Kids are great because they give you true emotions, there are rarely any barriers between the lens and who they appear to be in front of it. They do not judge, nor do they have any preconception or hang-ups. They often want to know why, and how I do what I do or just want to assured that whatever I am doing, this will not stop them from getting about their fun business. As subjects, I think they see the relationship with the lens as a game and even when ultimately that game becomes sheer boredom (and that does not take long), they will still display an unreserved version of themselves. The dynamics change a little, as they hit junior years, when they are then characterised by a version of themselves which has become slightly tainted by the self awareness brought in by their ‘older’ years. There is a hint of expectation, it is then about making a connection and engaging them into the photo game so that I can still catch that candid glimpse that no contrived pose will give me.
Mum of 2 gorgeous girls, I guess they are often in front of your lens. Do they like being your models? Would they like to do the same work of mummy later?
Sadly, the novelty wore off a long time ago so it is often a case of ‘catching it’ when I can. When they are not in the mood, I occasionally have to call on Mrs Bribery, but overall, they are willing models provided it does not impede on their play time too much. I am not sure that they see photography as their thing, Sissi (7) would like to own and run an ice-cream van. Up until a few weeks ago, Lola (9) wanting to be a marine biologist, she is now hoping to be a writer and book illustrator.
We love your last collaboration with the new kids shoe brand Chapter2. How did you meet each other and decid to start working together?
We spotted each other on IG and eventually met at Playtime Paris last January. The friendship and working relationship developed from there. Fay and Tom Murphy, who are behind the brand, are both lovely people and we seem to share a common sense of aesthetics. Their line of kids footwear has a timeless quality essentially because of the craftsmanship that goes into the shoemaking process, the shape and their choice of leather, all of which are sympathetic to a child’s growing feet. These traditional and functional features are then cleverly punctuated by contemporary twists and playful touches: the colour ways, the outer sole markings (a brightly coloured cloud complemented by hand-embossed stars or raindrops).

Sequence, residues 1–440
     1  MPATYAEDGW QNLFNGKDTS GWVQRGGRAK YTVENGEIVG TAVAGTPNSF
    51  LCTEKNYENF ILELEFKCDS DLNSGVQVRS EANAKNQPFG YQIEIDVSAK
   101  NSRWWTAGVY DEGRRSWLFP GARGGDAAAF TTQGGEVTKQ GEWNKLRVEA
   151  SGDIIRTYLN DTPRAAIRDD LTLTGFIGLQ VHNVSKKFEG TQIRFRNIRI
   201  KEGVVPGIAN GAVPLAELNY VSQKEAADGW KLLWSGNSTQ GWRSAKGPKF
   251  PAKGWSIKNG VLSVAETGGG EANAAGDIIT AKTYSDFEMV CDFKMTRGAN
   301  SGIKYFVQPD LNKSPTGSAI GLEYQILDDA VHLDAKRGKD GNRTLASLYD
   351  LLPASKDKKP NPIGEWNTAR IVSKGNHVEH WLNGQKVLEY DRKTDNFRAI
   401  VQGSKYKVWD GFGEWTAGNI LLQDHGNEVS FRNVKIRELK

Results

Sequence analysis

After your collaboration with the Playtime fair, Child-ish, Chapter2, Sun-san Saltwer sandals, what is the next collaboration planned? Any secrets to share with us?
I recently shot the imagery for Ama, a new luxury brand making its debut this summer with a contemporary collection of bespoke blankets for children ages 0-10 years old.
I am also super excited to be creating more images for Child-ish and to be working on their lookbook for their forthcoming SS15 collection. All I can say is that the moodboards are shaping up nicely for what promises to be a fun shoot showcasing a super fresh kids brand.
Finally since we love travelling and you are keen on globetrotting, what is your favourite place in the world to have a break and recharge your batteries?
Travelling is such a good way to gain perspective and reset. Despite being a little starved from sustained sunshine and warmth when living in the UK, The French Alps in winter is my favourite destination, hands down. Riding my board down the slopes, headphones on full blast is the best way to switch off.
Interview by Deborah Sfez
Images for Chapter 2 AW14/15 Campaign